Out of competition, USADA and WADA don’t care. Marijuana can be used and pissing hot is without penalty (as long as the heat is from some heated THC.) They only care if being tested during competition and the level of THC exceeds the established threshold. Go ahead and burn one down.
TUE’s are therapeutic-use-exemptions. For instance, some athletes may have narcolepsy. Some drugs used for narcolepsy are banned by USADA and WADA. However, athletes with narcolepsy can apply for a TUE to the governing bodies for exemptions. The same can be done with marijuana prescriptions from a doctor. USADA and WADA reserve the right to deny a TUE
The current threshold is 150 ng/mL. This number before used to be 30 ng/mL, meaning that athletes needed to stop smoking 30+ days out from the competition to not piss hot. With the increased allowance, the halting of marijuana use needs to occur 7-9 days out from the in-competition test according to anecdotal evidence we have acquired over the years.
Health Risks & Benefits
We want to start by saying that if an athlete is considering using marijuana that they should talk to a doctor, a therapist, or other professionals. Do not self-medicate but talk to professionals.
Thinking about risks, we want to talk about them from an acute perspective and a chronic perspective. From an acute perspective, think infrequent usage, like once a week, a risk will be the feeling of sedation. Other acute risks include an altered sense of time, mood change (negatively or positively depending on the person), an alteration in appetite, and feelings of panic and anxiety. Chronic usage, every day, all the time, think of the classic image of a stoner being lazy and munching on potato chips, not able to remember what needs to get done. In summation, the chronic risks are laziness, weight gain, and poor memory.
The benefits from an acute perspective, marijuana is calming. An increase in appetite can be good based on individual circumstances. Some people relax when they utilize marijuana, which helps with achieving better sleep. Some people with social anxiety disorders benefit tremendously from marijuana.
From a chronic perspective, utilizing marijuana can help people who suffer from PTSD, anxiety, seizures, muscle spasms, stress management, sleep, and helps improve appetite. Cancer patients undergoing chemotherapy tend to feel like crap and completely lack the urge to eat. THC helps them develop appetites to eat more to help recover between treatments.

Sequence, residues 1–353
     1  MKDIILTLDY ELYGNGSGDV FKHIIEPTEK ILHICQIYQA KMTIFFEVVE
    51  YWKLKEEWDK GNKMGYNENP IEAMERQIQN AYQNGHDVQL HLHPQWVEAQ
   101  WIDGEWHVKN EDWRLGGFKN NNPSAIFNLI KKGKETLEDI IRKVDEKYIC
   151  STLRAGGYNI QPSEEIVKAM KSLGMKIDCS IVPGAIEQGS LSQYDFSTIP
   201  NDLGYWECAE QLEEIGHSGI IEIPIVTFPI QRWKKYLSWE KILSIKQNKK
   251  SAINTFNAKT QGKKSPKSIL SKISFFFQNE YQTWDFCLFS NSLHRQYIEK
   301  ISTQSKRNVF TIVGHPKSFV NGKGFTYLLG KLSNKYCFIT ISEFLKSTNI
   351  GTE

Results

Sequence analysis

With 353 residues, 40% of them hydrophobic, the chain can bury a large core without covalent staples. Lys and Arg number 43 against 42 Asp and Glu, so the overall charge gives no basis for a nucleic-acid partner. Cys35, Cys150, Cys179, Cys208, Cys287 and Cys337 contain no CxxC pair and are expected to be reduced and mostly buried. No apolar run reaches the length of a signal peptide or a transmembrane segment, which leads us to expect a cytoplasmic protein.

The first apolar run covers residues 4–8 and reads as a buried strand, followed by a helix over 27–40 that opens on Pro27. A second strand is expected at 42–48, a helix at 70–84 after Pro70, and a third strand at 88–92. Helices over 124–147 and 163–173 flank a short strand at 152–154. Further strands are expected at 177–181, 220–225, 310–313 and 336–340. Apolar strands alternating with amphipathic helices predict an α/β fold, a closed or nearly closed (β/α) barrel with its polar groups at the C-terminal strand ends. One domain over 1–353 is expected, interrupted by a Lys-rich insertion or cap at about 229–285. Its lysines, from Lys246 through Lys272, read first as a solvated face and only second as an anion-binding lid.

One key factor is there are a lot of prominent people out in the world and in the local communities who use marijuana. Know what? A lot of marijuana users hold themselves accountable and are outstanding citizens in society. Imagine that...outstanding citizens who are potheads...
The USA considers marijuana a Schedule 1 drug. That means users are at risk for high abuse. According to the federal government, marijuana is as detrimental as heroin. With that being said, and we mentioned this before, 44 states have legalized marijuana variety of ways: medical, medical with decriminalization, and a quite of bit of states, close to 20 now, where marijuana is fully legal. There are only six states where it is fully illegal.
So from a federal perspective, it is a, “No, No, No,” concerning usage, but from a state perspective, it varies. Athletes need to understand this based on where they are training and preparing for sport. It is based on the residence base.
Marijuana isn’t bad. It is a sweet leaf.
Alcohol, on the other hand, is significantly worse. Alcohol impairs judgment horribly, seriously impair recovery, ruin sleep, increase estrogen levels in males, and wreak havoc on the system.
We prefer our athletes at Garage Strength abstain from alcohol.
It is important to understand the way marijuana is consumed. Smoking a joint or a blunt creates a heated product that harms the lungs. There are healthier means of using marijuana, like edibles, vaping, or a bubbler...maybe even a massive bong.
A variety of sports can benefit from marijuana. Football players can tremendously benefit from marijuana, especially because of CBD and the positive impact it has on brain inflammation. We are not naming names, but we know a decent amount of throwers and weightlifters that get high on marijuana.
The biggest factor is when using marijuana is occurring. Like, don’t use the sweet leaf when consuming booze. Also, don’t be utilizing marijuana when young. Kids, teenagers, and non-adults under the age of 23 have no business touching the stuff, they are too immature to comprehend the actual benefits.
Finally know the risks, benefits, and legalities surrounding marijuana usage regarding the sport being competed in. Abstain when necessary to not be penalized for something silly like exceeding the established threshold.
We hope this thorough analysis of marijuana for sports gave a deeper understanding of the relationship between the two. We hope athletes understand to consult doctors and other professionals before even considering using the substance. Acknowledge that marijuana will not be for every athlete. That’s cool. We also need to accept and understand that marijuana use for some athletes will be greatly beneficial. That’s cool too.
Dane Miller is the owner and founder of Garage Strength Sports Performance. He works with a select handful of clients on building comprehensive programs for fitness and nutrition. Several times a year he leads a workshop for coaches, trainers, and fitness enthusiasts.